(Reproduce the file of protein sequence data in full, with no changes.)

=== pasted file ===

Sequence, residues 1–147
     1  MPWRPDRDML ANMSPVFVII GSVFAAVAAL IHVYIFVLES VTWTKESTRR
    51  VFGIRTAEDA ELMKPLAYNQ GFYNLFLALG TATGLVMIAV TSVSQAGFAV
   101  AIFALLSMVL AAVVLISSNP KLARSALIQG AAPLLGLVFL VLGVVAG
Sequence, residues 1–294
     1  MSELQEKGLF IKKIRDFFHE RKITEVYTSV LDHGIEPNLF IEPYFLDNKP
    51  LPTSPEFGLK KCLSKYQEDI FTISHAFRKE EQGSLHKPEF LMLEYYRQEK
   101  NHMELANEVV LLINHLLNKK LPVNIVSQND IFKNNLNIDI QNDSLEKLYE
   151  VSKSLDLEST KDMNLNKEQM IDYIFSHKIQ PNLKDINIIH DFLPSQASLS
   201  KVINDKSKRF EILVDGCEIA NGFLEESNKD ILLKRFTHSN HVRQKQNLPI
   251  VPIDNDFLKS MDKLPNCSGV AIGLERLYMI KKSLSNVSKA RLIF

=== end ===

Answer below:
Sequence, residues 1–147
     1  MPWRPDRDML ANMSPVFVII GSVFAAVAAL IHVYIFVLES VTWTKESTRR
    51  VFGIRTAEDA ELMKPLAYNQ GFYNLFLALG TATGLVMIAV TSVSQAGFAV
   101  AIFALLSMVL AAVVLISSNP KLARSALIQG AAPLLGLVFL VLGVVAG
Sequence, residues 1–294
     1  MSELQEKGLF IKKIRDFFHE RKITEVYTSV LDHGIEPNLF IEPYFLDNKP
    51  LPTSPEFGLK KCLSKYQEDI FTISHAFRKE EQGSLHKPEF LMLEYYRQEK
   101  NHMELANEVV LLINHLLNKK LPVNIVSQND IFKNNLNIDI QNDSLEKLYE
   151  VSKSLDLEST KDMNLNKEQM IDYIFSHKIQ PNLKDINIIH DFLPSQASLS
   201  KVINDKSKRF EILVDGCEIA NGFLEESNKD ILLKRFTHSN HVRQKQNLPI
   251  VPIDNDFLKS MDKLPNCSGV AIGLERLYMI KKSLSNVSKA RLIF